If it’s “private” why remove a public funding prohibition?

Closed door meeting, and why?

“North American High Speed Rail Group” I don’t see a lobbyist principal registration. Joe Sperber, Chuck Michael… don’t see lobbyist registrations for them either. And who else is missing?

And if it’s private investors, why do Rep. Drazkowski, Rep. Garafolo, Rep. Norton, and Sen. Senjem think there needs to be any legislation?  What’s the bill for?  Why would government need to be involved?  Oh… right… because they want to lift the prohibition of public money being used, yeah, that’s it… If it’s private development, why lift the ban? How could that possibly be made worthwhile for these legislators? And how is that in the public interest?!?!?!

From the video:

“Representative Pat Garafolo reached an agreement with the group…”

“Rochester lawmakers are concerned about a law prohibiting public money being used on the Zip Rail, and think a public/private partnership might be a better route.”

Say what?!?!

Here’s the video:

And in the Post Bulletin:

Long rail ahead for private rail developer

From the article:
During an interview after the meeting, North American’s CEO and president, Joe Sperber, said the company believes it can do something that has never been done in the United States before —privately build and operate a high-speed rail system. The key to making the plan a success is that it would not rely simply on the rail. Instead, Sperber said the project would including economic development tied into the project.

“Rail by itself isn’t always going to be economically viable, so you look at rail, you look at real estate development and then you look at the economic development that comes out of all of that,” he said.

Also from KTTC in Rochester, which identifies Joe Sperber as a wheeler-dealer on this project (what’s his interest?):

State legislators meet with business proposing privately funded Zip Rail plan

Ali Killam

Mar 20, 2015 8:55 a.m.

ST. PAUL, Minn. (KTTC) – Days after the announcement of a privately-funded plan to build a Zip Rail line from Rochester to the Twin Cities, state and local officials got some answers on Thursday. In a private meeting, business leaders expressed their seriousness in pursuing an idea that has been in the making for years.

The North American High Speed Rail Group got in front of lawmakers in St. Paul to reveal its plans moving forward with the rail line, without eminent domain, or the use of taxpayer dollars. It’s an idea that seems almost too good to be true, but it’s one many legislators are on board with.

“They really are serious about a privately run rail in the state of Minnesota,” said State Rep. Kim Norton, DFL-Rochester.

In a closed door meeting, NAHSR Group got out from behind the rumor mill and in front of state and local leaders to discuss its plan for an elevated Zip Rail linking the Med City to the Twin Cities.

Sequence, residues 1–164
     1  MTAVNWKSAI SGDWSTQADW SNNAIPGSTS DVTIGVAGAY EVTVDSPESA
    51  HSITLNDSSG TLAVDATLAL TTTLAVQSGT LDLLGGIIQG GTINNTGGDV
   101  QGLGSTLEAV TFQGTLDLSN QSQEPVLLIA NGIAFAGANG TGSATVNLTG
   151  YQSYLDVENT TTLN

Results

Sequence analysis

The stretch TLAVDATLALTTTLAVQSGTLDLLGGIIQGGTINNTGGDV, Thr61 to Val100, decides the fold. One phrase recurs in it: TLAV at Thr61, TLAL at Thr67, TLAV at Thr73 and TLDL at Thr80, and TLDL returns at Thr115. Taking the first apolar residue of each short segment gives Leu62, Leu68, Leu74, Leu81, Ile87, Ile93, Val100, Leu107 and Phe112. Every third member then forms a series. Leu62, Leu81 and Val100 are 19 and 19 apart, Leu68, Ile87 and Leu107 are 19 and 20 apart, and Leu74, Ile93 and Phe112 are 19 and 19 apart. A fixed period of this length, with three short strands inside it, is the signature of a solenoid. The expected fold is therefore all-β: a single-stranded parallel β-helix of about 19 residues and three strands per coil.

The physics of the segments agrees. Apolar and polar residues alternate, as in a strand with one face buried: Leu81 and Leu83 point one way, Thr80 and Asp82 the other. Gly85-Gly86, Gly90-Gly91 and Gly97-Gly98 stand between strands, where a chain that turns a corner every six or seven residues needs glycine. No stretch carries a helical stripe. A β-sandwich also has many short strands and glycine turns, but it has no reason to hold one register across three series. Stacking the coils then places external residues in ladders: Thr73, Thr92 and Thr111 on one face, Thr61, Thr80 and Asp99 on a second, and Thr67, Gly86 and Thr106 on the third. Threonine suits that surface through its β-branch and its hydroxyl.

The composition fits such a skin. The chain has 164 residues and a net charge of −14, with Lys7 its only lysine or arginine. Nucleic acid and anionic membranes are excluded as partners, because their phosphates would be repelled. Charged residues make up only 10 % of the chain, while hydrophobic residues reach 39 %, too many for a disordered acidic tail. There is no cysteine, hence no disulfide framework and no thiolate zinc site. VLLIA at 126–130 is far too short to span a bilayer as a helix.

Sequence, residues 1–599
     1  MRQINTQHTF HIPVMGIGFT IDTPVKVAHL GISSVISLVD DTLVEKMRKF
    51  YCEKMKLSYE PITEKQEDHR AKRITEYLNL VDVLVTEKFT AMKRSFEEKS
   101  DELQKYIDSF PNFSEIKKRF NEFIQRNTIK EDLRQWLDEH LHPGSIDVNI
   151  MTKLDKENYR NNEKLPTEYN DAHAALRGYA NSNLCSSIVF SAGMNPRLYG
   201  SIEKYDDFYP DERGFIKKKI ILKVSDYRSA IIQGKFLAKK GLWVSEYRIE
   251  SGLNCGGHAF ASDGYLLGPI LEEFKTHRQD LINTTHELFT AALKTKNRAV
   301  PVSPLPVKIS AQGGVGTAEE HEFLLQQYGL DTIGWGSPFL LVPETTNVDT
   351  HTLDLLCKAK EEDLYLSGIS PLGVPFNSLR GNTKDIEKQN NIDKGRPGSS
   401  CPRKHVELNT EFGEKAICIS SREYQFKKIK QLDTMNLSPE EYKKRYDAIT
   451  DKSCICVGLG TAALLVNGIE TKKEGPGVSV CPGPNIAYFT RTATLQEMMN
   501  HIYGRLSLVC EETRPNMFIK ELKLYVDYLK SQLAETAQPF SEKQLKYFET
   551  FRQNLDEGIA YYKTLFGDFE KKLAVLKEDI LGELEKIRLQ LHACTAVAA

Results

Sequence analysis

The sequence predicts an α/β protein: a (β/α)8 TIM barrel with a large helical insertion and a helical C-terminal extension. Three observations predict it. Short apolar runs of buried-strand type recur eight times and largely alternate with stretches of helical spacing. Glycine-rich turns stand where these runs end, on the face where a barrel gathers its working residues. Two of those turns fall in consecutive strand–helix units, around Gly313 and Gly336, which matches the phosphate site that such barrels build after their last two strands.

“The corridors had a lot of great work done already in it,” said NAHSR CEO & President, Joe Sperber. “So, I think the need, the justification, the opportunity is there.”

Currently, the Highway 52 corridor seems to be the most viable option to both business leaders and legislators. It would be done without a cent of taxpayer funding and has lawmakers ready to help clear the path for rail tracks.

“We’ll be developing a bill that will protect the public’s interest, while respecting the ability of any private venture to go forward,” said State Rep. Steve Drazkowski, R-Mazeppa.

However, not everyone is on board. Many concerned homeowners along the proposed rail route questioned the economic advantage for their communities and if the plan would encroach on their property.

The NAHSR group has vowed to take as little land as possible while providing economic opportunity.

“If you don’t get a stop, you might get some opportunity to get some of the other economic development that comes along with the rail, such as operations and maintenance bases and things like that,” said Sperber.

The rail still has many kinks to be worked out along the way, but lawmakers are ready to get the wheels turning.

“You link these two powerful research institutions, Mayo Clinic and the university, and these two powerful economic engines of the state together,” said Norton. “I think it’s pretty mind blowing.”

The group’s first environmental impact study should be completed by the end of the year, but other feasibility studies and permits also have to be completed. Norton said the group would most likely be leasing state land to build the Zip Rail. Sperber also points out the rail would be able to withstand any kind of weather, so Minnesotans fearing wintry impacts have nothing to worry about.

If all goes as planned, the group would like to see the Zip Rail operating by 2023 and transporting passengers between the two cities in approximately 30 minutes.

One Response to ““Private” Zip Rail… yeah, right…”

  1. Alan Muller Says:

    Seems like all the real government business in Minnesota is done behind closed doors.

    I cannot imagine that a privately-funded Zip Rail project could be profitable for investors. Something is fishy here.

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